In the third inning Tuesday, the Blue Jays dugout and Yankees third base coach Luis Rojas exchanged words, seemingly because the Blue Jays did not like that Rojas was positioned outside the coach's box. All of this stems back to Toronto's complaint with Judge, who they claimed was sneaking a look at New York's base coaches, allegedly improperly positioned Monday.
"It's easy to look at a runner at second when you're hitting. It's tough to look into the dugout. It's probably a little bit easier to look at a coach," Blue Jays manager John Schneider told MLB.com on Tuesday before the game. "I think that there's boxes on the field for a reason. I think when it's a glaring 30 feet where you're not in that spot, you kind of put two and two together a little bit."
Here is Tuesday's exchange between Rojas and the Blue Jays dugout:
"(Pitching coach Pete Walker) was probably -- more playfully than anything -- saying, 'I'm watching you,'" Schneider said after the game. "They probably all heard that. Rojas kind of took exception to it. It's two competitive teams. You're not pleased with the way everything has shaken out the last 24 hours, right? And I think it's just people being competitive. I think Rojas responded how he did and we responded how we did."
The spat continued in the bottom of the fourth inning, when Yankees manager Aaron Boone chirped and motioned toward Blue Jays third base coach Luis Rivera to get in the coach's box. Crew chief James Hoye spoke to both managers after the inning and told them he'll handle the base coaches and their positioning.
"It's tired. I hope not," Boone said after the game when asked whether the coach's box shenanigans will continue. "It's just silliness. It's silliness. It's ridiculous. I think everyone -- I hope on both sides -- realizes this."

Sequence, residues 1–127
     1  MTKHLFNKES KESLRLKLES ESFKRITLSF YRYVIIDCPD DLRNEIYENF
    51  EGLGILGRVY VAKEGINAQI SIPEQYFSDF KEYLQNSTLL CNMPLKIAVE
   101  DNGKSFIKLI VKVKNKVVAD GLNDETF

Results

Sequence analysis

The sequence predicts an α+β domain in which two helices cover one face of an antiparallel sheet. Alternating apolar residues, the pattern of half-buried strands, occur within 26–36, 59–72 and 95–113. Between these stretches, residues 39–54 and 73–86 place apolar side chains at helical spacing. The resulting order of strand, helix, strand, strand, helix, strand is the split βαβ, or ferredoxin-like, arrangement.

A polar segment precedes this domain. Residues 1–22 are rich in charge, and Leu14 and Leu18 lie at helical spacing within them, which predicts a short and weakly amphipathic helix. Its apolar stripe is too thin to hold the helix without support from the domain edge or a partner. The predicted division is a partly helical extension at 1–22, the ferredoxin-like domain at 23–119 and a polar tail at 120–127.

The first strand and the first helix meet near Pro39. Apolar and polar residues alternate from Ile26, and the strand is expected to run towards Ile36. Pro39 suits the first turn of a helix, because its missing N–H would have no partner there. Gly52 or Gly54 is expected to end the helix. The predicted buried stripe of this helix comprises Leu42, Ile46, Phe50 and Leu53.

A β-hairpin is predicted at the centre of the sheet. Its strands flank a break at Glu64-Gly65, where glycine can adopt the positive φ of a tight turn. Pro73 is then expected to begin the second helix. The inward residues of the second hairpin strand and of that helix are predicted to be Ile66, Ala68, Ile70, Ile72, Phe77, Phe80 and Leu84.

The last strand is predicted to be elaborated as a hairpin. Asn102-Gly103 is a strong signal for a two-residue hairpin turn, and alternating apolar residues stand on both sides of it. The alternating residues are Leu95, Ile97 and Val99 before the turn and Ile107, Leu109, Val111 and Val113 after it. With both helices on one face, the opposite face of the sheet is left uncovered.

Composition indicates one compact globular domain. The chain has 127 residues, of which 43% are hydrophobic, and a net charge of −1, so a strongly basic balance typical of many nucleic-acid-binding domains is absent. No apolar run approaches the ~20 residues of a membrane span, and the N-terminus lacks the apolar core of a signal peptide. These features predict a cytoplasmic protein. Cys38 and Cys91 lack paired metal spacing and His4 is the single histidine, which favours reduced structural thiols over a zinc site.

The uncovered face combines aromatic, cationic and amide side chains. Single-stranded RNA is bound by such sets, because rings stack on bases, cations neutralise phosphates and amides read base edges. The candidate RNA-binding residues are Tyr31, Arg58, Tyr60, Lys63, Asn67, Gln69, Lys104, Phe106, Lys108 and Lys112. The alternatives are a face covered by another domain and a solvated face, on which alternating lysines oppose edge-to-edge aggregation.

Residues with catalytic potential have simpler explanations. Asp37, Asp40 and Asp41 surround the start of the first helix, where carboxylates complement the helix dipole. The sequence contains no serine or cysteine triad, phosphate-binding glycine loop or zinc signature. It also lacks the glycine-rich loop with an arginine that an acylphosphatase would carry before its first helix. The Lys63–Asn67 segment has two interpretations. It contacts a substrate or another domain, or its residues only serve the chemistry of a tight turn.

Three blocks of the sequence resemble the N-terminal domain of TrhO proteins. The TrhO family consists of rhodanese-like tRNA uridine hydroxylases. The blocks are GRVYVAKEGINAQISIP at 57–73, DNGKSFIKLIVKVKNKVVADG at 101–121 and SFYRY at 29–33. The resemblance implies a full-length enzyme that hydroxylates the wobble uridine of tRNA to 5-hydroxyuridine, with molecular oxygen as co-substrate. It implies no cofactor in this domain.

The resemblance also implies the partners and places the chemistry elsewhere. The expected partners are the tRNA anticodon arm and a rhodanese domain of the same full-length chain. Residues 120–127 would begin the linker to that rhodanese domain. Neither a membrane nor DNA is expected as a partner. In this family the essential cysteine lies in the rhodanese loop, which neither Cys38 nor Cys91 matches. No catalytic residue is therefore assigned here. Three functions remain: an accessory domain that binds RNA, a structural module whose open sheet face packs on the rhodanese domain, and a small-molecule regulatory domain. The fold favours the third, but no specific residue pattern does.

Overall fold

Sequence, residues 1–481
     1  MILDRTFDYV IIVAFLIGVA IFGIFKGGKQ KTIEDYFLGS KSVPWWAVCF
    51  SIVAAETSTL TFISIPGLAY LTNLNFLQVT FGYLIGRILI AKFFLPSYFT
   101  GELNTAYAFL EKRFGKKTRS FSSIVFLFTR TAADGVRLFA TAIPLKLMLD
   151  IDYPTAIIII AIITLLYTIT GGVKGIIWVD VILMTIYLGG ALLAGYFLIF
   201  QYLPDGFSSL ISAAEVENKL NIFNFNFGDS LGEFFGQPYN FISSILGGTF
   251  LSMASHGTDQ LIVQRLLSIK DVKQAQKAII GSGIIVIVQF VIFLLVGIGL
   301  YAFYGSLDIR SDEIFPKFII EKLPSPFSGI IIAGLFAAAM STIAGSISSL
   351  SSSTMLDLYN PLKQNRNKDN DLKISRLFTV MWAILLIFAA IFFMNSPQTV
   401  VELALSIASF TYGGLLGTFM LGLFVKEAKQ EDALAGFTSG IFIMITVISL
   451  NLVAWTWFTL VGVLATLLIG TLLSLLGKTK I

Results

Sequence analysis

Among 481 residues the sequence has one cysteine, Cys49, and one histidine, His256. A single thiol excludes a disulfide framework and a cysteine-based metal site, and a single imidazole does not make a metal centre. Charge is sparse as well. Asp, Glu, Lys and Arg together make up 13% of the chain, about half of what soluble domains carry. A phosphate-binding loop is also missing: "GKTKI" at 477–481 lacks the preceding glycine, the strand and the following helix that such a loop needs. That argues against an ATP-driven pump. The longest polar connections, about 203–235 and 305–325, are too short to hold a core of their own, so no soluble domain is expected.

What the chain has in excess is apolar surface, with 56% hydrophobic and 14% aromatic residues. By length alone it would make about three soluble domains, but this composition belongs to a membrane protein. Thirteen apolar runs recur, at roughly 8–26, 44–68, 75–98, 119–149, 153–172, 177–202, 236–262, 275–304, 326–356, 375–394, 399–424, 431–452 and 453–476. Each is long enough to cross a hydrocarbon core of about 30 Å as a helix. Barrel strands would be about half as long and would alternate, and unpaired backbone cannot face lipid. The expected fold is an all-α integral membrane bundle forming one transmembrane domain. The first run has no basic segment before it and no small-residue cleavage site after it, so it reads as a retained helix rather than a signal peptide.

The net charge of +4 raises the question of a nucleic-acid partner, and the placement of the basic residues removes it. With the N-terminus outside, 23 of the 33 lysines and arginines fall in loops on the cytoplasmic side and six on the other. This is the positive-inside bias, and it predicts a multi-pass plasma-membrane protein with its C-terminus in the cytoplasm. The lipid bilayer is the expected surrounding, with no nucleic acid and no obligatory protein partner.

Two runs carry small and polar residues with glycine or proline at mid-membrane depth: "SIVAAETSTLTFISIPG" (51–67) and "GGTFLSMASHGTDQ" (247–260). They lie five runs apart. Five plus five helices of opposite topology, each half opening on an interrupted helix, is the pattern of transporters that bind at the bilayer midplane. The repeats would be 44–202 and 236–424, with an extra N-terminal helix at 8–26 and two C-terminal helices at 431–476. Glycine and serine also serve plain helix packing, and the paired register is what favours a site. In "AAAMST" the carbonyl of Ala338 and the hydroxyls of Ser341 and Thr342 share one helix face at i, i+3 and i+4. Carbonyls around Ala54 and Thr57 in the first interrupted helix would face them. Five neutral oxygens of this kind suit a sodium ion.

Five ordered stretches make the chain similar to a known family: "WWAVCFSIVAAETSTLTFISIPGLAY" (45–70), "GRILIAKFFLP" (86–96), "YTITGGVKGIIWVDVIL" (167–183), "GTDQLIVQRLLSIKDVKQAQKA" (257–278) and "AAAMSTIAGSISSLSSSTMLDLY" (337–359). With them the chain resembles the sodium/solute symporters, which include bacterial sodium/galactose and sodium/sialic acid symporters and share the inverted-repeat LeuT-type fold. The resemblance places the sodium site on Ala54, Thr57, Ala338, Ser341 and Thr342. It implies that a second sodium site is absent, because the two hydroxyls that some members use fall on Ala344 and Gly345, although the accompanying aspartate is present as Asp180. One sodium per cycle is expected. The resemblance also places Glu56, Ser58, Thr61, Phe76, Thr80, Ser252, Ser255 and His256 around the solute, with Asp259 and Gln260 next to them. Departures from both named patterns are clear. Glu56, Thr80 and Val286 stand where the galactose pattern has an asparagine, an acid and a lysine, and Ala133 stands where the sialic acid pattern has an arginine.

For what it's worth, almost no first or third base coach actually stays in the coach's box. They all move around throughout the game to get the best possible vantage point. The umpires have the discretion to warn coaches who are improperly positioned and MLB could level punishment, if deemed warranted.
Because the base coach silliness wasn't enough, Judge provided Tuesday's decisive blown with a go-ahead two-run home run in the eighth inning (NY 6, TOR 3). He was booed heavily throughout the game -- the Blue Jays faithful even chanted "cheater!" at one point -- but the reigning AL MVP responded with a 448-foot blast to dead center field.
"I've got some choice words about that, but it's better just to keep that off the record," Judge told MLB.com when asked the questions regarding his glance Monday night. "... Especially with the things that have happened in this game with cheating and stuff, to get that thrown out, I'm not happy about it."
Judge is 9 for 30 (.300) with five home runs in eight games since returning from the injured list last week. He's gone deep three times in the first two games of this four-game series at Rogers Centre and is hitting .270/.370/.590 in the early going this season. That is a step down from Judge's 2022 output but obviously very good overall.
Tuesday's win was New York's seventh in their last nine games. They are 25-19 on the season, but in fourth place in the AL East. The Blue Jays are percentage points ahead of them at 24-18.